Last week, I went to Manchester Metropolitan University for the 23rd annual Practising Historical Geography Conference, organised by the Historical Geography Research Group (HGRG). It was my fifth time attending the conference (I wrote about the last one I attended, in 2015, here), but my first time presenting. As always, I thought it was a great day, well organised, with really interesting speakers.
The day involves: two keynote speakers; two methodological workshops; a Postgraduate Voices presentation by a recently completed PhD student; and a paper by the HGRG undergraduate dissertation prize winner. This year, I gave the Postgraduate Voices talk. It meant a lot to be asked, as the Practising Historical Geography conferences have been a really important part of my PhD. I have valued the time spent with other enthusiastic researchers who have been unfailingly supportive over the last five years. Because of how much I have gotten out of these conferences, I decided to use my Postgraduate Voices presentation to talk about my place in the academic communities that played such an important role in my PhD. Doing a PhD can be a lonely experience, so I think it’s really important to take a bit of time and effort to participate in academic networks when you get the chance.
In her introduction to the conference, President of the HGRG Dr. Briony McDonagh said that the field of historical geography was in “rude health.” By the end of the day, I couldn’t help but agree. The keynote lectures, given by Professor Jon Stobbart and Dr. Kimberly Peters, were both fantastic, and they highlighted the diversity of research being conducted in the field. Professor Stobbart discussed the construction of ‘comfortable’ homes in Georgian England using material objects, whilst Dr. Peters talked about the development of maritime ‘motorways,’ shipping lanes designed to minimise the chance of large container ships colliding head-on. I never thought that I would find maritime trade so interesting!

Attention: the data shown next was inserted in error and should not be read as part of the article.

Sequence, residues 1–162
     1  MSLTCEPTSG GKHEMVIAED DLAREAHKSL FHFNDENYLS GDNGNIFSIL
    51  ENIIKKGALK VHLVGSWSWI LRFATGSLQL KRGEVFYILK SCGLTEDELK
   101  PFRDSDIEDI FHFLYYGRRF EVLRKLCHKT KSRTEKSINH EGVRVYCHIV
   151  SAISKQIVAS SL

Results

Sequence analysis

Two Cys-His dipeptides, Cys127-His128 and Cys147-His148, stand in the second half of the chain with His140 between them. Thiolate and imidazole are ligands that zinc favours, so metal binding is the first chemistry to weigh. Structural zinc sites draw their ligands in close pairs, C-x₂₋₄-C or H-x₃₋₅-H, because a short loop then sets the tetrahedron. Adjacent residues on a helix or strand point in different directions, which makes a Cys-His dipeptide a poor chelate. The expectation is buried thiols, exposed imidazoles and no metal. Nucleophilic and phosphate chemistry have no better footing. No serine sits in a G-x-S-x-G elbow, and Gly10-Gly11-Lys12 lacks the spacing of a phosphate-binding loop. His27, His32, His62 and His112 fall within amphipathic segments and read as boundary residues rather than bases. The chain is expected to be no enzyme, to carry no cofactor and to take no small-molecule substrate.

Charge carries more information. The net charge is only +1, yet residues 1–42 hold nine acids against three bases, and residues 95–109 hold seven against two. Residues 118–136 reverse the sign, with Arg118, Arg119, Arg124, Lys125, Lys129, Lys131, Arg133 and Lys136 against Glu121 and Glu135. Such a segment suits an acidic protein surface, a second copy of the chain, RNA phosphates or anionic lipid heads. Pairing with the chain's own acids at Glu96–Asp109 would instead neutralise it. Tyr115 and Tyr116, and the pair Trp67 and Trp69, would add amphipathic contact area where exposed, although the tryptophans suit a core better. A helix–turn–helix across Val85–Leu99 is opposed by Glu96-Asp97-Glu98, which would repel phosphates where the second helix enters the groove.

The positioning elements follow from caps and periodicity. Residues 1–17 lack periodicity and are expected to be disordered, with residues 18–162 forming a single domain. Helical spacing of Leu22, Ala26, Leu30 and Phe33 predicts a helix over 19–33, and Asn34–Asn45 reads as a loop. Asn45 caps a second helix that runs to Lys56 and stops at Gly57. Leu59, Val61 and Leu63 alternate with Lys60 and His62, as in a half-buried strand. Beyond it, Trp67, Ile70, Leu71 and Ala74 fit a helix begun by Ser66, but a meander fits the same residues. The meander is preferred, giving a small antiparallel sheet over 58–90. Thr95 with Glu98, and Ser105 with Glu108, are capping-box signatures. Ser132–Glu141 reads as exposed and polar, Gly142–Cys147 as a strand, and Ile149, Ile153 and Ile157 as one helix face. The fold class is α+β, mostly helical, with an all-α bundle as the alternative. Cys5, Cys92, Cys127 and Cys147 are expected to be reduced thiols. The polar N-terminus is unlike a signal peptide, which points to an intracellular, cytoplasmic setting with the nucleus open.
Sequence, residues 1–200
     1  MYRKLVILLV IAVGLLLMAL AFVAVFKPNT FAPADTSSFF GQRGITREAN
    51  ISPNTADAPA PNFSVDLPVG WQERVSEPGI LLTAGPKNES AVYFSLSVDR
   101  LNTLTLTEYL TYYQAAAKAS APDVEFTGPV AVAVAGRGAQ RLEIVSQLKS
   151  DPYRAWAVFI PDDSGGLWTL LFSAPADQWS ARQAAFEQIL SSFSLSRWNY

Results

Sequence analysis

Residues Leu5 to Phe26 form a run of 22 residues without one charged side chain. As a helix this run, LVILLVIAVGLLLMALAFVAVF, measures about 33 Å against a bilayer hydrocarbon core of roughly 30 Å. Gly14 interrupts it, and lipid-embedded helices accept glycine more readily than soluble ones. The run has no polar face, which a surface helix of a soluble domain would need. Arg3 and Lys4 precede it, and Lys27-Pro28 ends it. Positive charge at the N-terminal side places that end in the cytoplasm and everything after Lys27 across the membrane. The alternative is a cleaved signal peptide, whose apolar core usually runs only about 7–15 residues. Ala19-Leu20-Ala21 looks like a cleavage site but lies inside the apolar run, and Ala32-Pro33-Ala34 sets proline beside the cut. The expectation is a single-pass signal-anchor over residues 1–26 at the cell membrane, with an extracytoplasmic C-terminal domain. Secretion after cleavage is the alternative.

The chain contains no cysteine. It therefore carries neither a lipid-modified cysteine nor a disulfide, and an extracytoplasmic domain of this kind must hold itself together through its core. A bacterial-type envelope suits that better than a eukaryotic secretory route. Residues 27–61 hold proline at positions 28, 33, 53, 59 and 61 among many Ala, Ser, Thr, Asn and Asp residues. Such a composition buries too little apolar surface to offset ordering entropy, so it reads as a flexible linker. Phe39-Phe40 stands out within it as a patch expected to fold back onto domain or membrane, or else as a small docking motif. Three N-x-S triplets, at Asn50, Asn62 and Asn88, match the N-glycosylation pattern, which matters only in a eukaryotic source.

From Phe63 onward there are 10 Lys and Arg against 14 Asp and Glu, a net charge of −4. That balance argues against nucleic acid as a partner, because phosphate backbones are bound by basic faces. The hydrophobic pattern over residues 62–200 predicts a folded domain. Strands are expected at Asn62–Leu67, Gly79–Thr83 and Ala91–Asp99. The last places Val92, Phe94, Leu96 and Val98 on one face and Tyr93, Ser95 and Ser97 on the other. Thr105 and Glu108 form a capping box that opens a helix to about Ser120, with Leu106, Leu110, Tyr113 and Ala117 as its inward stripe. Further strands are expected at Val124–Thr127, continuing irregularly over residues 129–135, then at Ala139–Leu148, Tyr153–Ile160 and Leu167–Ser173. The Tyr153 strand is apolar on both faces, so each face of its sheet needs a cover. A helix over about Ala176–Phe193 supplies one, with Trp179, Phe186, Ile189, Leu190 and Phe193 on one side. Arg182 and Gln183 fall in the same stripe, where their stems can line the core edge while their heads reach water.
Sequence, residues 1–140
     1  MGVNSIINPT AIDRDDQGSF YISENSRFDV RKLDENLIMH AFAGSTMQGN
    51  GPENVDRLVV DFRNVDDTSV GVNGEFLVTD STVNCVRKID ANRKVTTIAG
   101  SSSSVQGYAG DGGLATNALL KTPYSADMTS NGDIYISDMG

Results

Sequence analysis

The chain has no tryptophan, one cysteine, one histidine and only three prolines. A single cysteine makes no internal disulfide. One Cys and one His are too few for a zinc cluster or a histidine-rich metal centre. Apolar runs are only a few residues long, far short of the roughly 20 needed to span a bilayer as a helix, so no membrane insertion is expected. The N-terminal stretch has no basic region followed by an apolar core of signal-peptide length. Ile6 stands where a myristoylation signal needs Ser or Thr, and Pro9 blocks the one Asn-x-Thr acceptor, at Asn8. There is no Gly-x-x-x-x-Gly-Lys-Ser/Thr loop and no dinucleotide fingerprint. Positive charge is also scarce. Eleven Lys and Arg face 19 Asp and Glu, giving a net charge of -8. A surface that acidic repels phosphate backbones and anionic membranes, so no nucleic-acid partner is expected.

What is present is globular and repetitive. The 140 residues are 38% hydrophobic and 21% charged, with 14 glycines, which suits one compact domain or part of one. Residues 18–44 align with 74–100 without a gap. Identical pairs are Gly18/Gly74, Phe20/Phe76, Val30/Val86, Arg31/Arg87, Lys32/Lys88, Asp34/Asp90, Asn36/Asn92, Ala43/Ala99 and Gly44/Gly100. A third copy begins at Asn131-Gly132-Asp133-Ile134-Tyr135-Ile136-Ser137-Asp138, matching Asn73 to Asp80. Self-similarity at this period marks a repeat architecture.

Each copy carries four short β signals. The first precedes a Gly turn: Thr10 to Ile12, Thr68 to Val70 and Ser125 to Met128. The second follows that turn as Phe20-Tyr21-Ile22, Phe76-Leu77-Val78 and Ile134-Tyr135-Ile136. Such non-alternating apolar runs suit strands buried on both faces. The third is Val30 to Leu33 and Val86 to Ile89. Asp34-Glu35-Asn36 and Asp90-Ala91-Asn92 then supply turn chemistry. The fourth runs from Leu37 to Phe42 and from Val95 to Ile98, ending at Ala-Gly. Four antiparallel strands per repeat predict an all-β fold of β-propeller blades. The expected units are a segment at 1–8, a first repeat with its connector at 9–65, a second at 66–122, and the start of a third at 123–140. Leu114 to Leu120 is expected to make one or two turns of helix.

The two workshops were also excellent. The first, organised by Dr. Sarah Mills, was about the ethics of archival research. I must admit I generally fall into the trap of assuming that I don’t need to think too much about ethics because I research the past, but the workshop made me realise it was something I should pay more attention to. The second workshop, run by Dr. James Kneale, was about the merits and challenges of time capsules for historical research. During the recent demolition of the Temperance Hospital in London, two time capsules were found, and Dr. Kneale was asked to consult on their contents. Whilst it seems unlikely that many historical geographers will find themselves in a similar situation during their careers, we had some great discussions about the nature, meaning, purpose, and use of time capsules.
Practising Historical Geography is always a brilliant event, and this year was no different. I drove home feeling energised, with a renewed enthusiasm for my own research. I would like to say thank you to the HGRG committee, particularly Dr. Cheryl McGeachan and Dr. Hannah Neate, for organising such a wonderful event.